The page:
College Republicans and ASILI to Co-Host Event


Left to Right: President of College Republicans Luke Zaro, James O'Keefe and President of ASILI Tochi Mgbenwelu. (Ian McKenna/The Observer)
Left to Right: President of College Republicans Luke Zaro, James O’Keefe and President of ASILI Tochi Mgbenwelu. (Ian McKenna/The Observer)

Luke Zaro, Fordham College at Rose Hill (FCRH) ’16 and president of the College Republicans, and Tochi Mgbenwelu, FCRH ’15 and president of ASILI, the black student alliance group at Fordham, announced a co-sponsored event to discuss race and politics, to be held on Nov. 5.

The two made their announcement about the event, officially called “An Interactive Discourse on Dismantling the Barriers Between Race and Politics,” before beginning a College Republican-hosted event on Oct. 24 in Flom Auditorium, where noted conservative journalist James O’Keefe discussed his investigations into government corruption, media bias in America and his book.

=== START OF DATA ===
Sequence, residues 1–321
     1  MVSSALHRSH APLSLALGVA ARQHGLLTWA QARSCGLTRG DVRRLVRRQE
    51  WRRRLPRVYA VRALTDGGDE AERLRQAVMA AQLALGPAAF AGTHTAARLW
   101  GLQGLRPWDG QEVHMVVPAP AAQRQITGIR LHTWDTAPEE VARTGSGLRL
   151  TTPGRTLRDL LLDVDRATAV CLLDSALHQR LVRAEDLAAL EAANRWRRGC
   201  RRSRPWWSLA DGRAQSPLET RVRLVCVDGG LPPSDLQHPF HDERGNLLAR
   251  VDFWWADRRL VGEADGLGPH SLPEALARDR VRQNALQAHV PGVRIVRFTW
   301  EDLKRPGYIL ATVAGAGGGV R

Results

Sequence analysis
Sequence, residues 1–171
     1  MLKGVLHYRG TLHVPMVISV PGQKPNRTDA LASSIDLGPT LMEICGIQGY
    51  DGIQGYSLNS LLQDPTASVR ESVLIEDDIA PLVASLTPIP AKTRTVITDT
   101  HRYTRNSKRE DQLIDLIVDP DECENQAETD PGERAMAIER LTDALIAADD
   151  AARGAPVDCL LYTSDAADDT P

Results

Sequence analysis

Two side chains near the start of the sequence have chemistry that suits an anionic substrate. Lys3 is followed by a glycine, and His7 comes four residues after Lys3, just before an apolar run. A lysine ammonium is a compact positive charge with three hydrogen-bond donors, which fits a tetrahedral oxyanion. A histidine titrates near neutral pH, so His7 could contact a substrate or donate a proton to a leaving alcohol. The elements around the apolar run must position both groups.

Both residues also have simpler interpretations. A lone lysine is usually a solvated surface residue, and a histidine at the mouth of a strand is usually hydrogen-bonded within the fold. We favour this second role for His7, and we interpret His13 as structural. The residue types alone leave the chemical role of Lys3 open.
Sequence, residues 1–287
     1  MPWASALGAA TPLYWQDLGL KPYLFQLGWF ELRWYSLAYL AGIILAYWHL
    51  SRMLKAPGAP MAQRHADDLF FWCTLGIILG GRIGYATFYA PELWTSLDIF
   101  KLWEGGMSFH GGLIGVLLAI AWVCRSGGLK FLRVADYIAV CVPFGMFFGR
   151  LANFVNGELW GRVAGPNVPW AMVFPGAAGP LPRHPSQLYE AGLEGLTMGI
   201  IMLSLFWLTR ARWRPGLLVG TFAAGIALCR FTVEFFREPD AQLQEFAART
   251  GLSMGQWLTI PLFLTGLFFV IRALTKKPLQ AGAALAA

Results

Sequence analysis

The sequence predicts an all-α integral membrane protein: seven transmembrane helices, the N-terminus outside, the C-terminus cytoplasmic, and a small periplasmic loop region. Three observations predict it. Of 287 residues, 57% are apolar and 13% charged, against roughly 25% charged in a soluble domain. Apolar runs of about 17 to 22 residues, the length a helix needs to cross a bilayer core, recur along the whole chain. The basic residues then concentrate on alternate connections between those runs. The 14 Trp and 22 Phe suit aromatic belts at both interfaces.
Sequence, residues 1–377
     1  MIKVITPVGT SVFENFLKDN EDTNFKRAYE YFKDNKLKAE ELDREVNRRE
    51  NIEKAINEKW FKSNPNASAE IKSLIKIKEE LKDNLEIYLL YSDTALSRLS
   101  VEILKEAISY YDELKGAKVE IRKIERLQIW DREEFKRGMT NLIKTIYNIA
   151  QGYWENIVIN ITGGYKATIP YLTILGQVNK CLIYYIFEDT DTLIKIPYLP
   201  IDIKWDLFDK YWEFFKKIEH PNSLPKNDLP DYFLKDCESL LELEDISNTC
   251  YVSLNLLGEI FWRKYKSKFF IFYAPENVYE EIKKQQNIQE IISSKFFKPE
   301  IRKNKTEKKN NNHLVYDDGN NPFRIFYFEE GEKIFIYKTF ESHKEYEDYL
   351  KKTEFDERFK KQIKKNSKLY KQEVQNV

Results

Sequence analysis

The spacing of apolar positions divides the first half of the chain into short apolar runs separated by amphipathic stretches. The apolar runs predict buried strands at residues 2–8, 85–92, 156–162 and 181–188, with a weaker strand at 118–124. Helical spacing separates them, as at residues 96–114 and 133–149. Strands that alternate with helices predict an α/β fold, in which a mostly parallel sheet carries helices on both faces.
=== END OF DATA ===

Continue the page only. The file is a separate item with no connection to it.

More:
“It actually originated from a discussion with a friend about affirmative action,” said Zaro. “[A friend] introduced me to Tochi, who is the president of ASILI. And we started talking about my beliefs as a conservative, how that affects my beliefs on different policies, including things like affirmative action.  We started talking more and more and started recognizing certain misconceptions about the conservative movement or about the black community and we thought ‘ why not co-host an event?’ Not a debate; that word actually never came up. To have a dialogue with the two groups and see it as a joint operation.”

Mgbenwelu also noted that there was a series of “misconceptions” about the relationship between race and politics, citing the very O’Keefe event as an example. Many people approached her, as president of ASILI, to write a letter condemning the appearance of O’Keefe.

While not an American citizen and thus not able to partake in American politics, Mgbenwelu noted that there seems to be a perceived issue with being a member of the black community and a Republican. “It looks like you are going against ‘your brothers’ or turning your back on the community.”

While the event does not have a location at the time of publication, Zaro says he hopes to hold the event in McGinley Ballroom and both club leaders look forward to the opportunity to dispel the perceptions of the influence of race on politics.